Long ticket queues are common in many organizations. This creates delays, frustrated employees and customers, and missed revenue opportunities.
The most effective way to reduce ticket volume is by making it easier for employees and customers to access the information and resources they need. When employees, for example, are empowered to self-resolve issues, they’re less likely to open tickets. Preventing tickets is a surefire way to reduce lengthy ticket queues. SwissRe is a great example of reducing the need for support tickets by improving employees’ access to knowledge. By consolidating the access of more than 300 corporate services on a self-service portal with Starmind integration, the company was able to reduce its IT support ticket volume by 12% in the first year.
With a lower volume of requests, you can empower service teams to better resolve the tickets that do arise. Assign subject matter experts to oversee tickets related to specific topics and automatically assign those requests. By providing this level of access to employees, your teams can find the most relevant and accurate information quickly.
Automate Help Desk Processes
A recent Starmind survey shows that the average employee at companies of more than 10,000 employees created two-plus tickets every week. With an average of over 90 minutes to resolve each ticket, the lost time and costs quickly add up.
Our research also indicates that nearly one-third of those tickets didn’t need to be filed, in theory, because a documented answer already existed. When employees ask standard, repeatable questions, consider how automation can deliver accurate answers while saving time for employees to focus on unique or urgent issues. Look for opportunities to streamline these requests, such as automatically suggesting information pulled from a knowledge base.
Automated workflows in other areas, such as onboarding, can decrease delivery time, reduce support costs and improve cost efficiency. Service desk automation can even improve your feedback process. One example is including surveys in your regular processes that are automatically created and distributed. Offer Value to Customers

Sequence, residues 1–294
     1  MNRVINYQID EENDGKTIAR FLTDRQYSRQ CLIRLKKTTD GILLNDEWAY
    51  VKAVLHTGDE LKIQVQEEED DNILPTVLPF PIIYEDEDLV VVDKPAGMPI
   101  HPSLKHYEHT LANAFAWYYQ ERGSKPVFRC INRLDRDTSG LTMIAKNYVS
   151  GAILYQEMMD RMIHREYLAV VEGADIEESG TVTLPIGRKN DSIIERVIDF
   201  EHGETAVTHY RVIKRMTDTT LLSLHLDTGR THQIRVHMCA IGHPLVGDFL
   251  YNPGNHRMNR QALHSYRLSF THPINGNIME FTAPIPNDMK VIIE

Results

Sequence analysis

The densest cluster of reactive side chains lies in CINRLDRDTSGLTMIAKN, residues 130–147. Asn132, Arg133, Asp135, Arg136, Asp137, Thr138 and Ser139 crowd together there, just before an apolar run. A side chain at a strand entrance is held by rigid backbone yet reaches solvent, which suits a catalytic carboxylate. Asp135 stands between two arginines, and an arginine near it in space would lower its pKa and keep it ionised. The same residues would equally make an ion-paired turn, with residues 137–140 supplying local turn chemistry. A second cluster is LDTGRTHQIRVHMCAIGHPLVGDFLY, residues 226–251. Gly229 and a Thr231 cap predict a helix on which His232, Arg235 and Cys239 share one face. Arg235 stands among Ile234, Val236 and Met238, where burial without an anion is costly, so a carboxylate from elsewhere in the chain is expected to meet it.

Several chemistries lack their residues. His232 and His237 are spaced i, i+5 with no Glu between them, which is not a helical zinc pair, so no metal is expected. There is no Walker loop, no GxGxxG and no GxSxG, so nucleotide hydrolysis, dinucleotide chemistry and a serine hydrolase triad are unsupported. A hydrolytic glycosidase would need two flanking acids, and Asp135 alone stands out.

If your customers don’t see your product or service’s value, they won’t be engaged. Poor engagement hurts your performance and business outcomes. The good news is that you know exactly what your customers want — answers to their questions and help with problems. These customers are looking for your assistance and want issues resolved quickly so they can get back to what’s important to them.
Start by reviewing your performance to determine whether you consistently meet expectations and SLAs. Get feedback to see how your value is perceived by customers, even when those customers are other employees. In addition to feedback and performance, review engagement to find opportunities to demonstrate your value better.
Build a Collaborative Work Culture
Much like having the right systems and teams in place, high-level companies invest in the right training to empower teams. While you can’t expect employees to be experts in every subject, you can equip them with the skills they need to find answers.
For example, Swisscom sought to create a more collaborative, modern culture for its nearly 20,000 employees. Its goal was to break down internal silos, provide fast access to strategic knowledge and help employees learn about the products, services and systems they needed to understand for their work.